What Side Effects does Fentanyl Have?

What side effects does fentanyl have? Side effects are typical of all opioids, except that fentanyl is far more potent. Fentanyl is a synthetic opioid analgesic first created by master chemist Dr. Paul Janssen in 1959. At first, through the 1960s or so, the drug was only used in a hospital setting for extreme pain and as a surgical pain reliever and anesthetic induction agent. In the 1990s, fentanyl became more available for pain relief in the form of a skin patch that gradually released the drug over a period of three days.

Fentanyl is highly addictive and very powerful. It’s about 100 times stronger than morphine and 30 to 50 times more potent than heroin. In fact, it’s so strong that the dose is in micrograms, not milligrams. A microgram is one-millionth of a gram. That’s like taking a quarter teaspoon of salt and trying to divide it into one million little piles. Its power is hard to truly understand. Not surprisingly, the drug is responsible for many overdose deaths, from both pharmaceutical fentanyl and that smuggled into the United States from rogue labs mainly located in China.

Recently, “one-pot” methods of making the drug at home, literally in a kitchen, have surfaced on the internet. Even if this synthesis is successful, there is still the problem of dosage of such a powerful drug. Without laboratory analysis, there is no way to be sure of either potency or purity. Dangerous unreacted compounds could also be present. Those who failed to learn the lesson of irreversible brain damage from the MPTP disaster of the early 1980s may very well find themselves victim of the same thing. Without the proper knowledge and equipment, it’s well-nigh impossible to safely prepare such a powerful drug for accurate dosing.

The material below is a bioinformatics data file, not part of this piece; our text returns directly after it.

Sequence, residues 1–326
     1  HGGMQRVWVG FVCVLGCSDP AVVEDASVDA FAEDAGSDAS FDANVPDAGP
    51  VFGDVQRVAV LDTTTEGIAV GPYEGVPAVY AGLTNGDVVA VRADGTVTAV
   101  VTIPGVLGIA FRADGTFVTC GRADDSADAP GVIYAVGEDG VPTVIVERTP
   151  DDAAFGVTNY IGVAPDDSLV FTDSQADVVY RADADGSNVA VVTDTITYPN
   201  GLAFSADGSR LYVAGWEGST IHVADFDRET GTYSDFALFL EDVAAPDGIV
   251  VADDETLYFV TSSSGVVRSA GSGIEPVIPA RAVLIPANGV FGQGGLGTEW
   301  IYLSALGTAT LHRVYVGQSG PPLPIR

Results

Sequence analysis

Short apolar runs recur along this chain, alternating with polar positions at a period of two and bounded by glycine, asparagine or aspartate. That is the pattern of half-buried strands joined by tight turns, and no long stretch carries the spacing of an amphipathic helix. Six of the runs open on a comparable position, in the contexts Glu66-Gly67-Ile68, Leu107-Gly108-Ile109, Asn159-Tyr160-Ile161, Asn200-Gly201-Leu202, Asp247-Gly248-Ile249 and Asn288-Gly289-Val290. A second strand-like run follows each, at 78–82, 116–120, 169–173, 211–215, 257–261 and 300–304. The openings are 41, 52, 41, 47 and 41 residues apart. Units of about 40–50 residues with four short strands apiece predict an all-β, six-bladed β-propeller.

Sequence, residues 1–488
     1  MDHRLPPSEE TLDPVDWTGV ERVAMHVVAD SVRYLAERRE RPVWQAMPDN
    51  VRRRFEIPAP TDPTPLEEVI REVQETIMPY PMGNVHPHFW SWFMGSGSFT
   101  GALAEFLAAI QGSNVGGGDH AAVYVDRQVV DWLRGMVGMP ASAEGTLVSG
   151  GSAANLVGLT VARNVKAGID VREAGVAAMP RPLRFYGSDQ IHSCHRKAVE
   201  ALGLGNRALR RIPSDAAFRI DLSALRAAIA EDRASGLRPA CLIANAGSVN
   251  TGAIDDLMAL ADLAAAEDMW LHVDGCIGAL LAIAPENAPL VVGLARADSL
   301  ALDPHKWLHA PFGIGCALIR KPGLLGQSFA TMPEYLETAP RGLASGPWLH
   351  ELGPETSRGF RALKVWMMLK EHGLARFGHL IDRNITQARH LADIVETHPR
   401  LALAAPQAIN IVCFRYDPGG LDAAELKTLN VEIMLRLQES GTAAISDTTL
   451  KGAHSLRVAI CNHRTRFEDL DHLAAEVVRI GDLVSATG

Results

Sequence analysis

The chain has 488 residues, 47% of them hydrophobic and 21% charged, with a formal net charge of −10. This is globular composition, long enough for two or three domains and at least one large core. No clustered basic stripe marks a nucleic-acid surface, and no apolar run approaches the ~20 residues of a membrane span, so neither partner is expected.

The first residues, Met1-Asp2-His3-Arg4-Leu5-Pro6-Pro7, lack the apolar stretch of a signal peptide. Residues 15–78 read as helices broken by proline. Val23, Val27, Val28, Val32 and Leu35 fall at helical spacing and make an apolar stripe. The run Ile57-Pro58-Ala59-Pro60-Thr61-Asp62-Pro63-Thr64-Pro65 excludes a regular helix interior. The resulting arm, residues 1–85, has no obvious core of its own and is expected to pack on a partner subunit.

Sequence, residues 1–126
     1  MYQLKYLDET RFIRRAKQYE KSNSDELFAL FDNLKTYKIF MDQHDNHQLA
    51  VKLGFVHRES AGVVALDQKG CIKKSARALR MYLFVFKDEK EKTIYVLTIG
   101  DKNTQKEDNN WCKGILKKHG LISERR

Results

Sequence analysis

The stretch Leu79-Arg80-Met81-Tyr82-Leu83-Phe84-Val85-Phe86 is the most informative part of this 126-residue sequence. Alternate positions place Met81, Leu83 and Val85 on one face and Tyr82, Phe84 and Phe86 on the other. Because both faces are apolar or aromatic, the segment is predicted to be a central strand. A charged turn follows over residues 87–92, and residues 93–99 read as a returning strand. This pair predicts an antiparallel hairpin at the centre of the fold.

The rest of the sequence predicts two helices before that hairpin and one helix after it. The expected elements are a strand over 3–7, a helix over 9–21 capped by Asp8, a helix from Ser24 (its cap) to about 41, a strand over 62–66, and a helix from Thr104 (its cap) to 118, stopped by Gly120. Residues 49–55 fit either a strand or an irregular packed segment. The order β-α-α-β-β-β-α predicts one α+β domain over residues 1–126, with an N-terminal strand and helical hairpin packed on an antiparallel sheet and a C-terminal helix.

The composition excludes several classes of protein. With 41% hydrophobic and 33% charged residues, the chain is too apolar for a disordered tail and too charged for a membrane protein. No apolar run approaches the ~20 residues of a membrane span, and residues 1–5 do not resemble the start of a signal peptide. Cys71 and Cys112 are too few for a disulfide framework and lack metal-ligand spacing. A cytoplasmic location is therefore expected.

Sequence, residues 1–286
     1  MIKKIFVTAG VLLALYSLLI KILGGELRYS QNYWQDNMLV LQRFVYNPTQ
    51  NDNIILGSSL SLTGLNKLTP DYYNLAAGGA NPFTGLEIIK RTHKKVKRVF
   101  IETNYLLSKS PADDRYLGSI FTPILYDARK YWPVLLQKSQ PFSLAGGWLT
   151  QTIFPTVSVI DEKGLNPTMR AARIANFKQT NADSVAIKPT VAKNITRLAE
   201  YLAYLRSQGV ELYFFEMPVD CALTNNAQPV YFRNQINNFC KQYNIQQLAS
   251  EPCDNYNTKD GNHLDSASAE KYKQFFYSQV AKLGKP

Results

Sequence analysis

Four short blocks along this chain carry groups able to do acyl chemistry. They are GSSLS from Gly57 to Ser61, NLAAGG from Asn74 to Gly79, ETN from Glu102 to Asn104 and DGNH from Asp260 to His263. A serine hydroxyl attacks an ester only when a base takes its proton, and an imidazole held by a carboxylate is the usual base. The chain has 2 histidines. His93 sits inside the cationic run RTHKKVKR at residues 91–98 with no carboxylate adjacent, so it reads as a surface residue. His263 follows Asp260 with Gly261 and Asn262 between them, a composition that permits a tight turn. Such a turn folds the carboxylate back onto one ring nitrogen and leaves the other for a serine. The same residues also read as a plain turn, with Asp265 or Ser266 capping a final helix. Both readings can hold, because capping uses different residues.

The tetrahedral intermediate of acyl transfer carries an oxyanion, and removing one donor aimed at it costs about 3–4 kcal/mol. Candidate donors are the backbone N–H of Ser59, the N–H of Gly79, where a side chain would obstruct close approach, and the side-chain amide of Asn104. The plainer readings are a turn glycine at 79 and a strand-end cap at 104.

Forms of Fentanyl

Fentanyl has a very short half-life and period of activity. It’s broken down quickly by the body, so quickly that it cannot be taken by mouth with much duration of effect. Fentanyl is particularly vulnerable to the first-pass effect. This refers to the liver’s actions on a drug taken by mouth. All drugs taken orally must pass through the liver before going anywhere else in the body. The liver clobbers the fentanyl especially well, leaving a bare 20 percent of the ingested dose to go on to the brain and bind to the opioid receptors located there. Fentanyl is available in the following dosage forms:

  • Skin patch
  • Sublingual tablets and spray
  • Oral lozenge
  • Nasal spray
  • Buccal tablet
  • Injectable

Oral lozenges, sublingual and buccal tablets all deliver the drug through the oral mucous membranes, helping to reduce the first-pass metabolism by the liver. The nasal spray has an excellent bioavailability of almost 90 percent, meaning only 10 percent of the dose is lost when it’s taken by the nasal route. Injectable fentanyl, such as that for intravenous use, is mostly restricted to hospitals, particularly for surgery and certain outpatient medical procedures.

Fentanyl Side Effects

The side effects of fentanyl are similar to those of any opioid but are typically more intense:

  • Constipation
  • Confusion
  • Respiratory depression
  • Tolerance
  • Euphoria
  • Drowsiness and sedation
  • Coma
  • Nausea

A fatal dose of fentanyl for someone without an opioid tolerance is a mere 2 to 3 millligrams, about the same as two to three grains of salt. Even regular opioid users with an opioid tolerance high enough to protect them against overdose for weaker opioids can still fatally overdose on small amounts of fentanyl.

Fentanyl is an important tool in surgery and for the treatment of cancer pain and other intractable types of pain, but its casual use is dangerous and can easily lead to death. Even worse, the drug is appearing in black market sales of other opioids, particularly oxycodone. Dealers press pills to resemble the prescription product, but they really contain unknown amounts of fentanyl. Users then overdose on the pills because they don’t know they’re actually taking a far more powerful drug than what the pill represents.

Call us for Help

If you or a loved one has a problem with fentanyl, you need to seek help right away. It takes very little of this drug to kill. We’re a group of professional drug counselors offering hope and help. Just call us at 302-842-2390 anytime for a referral to the best drug treatment available in your area.

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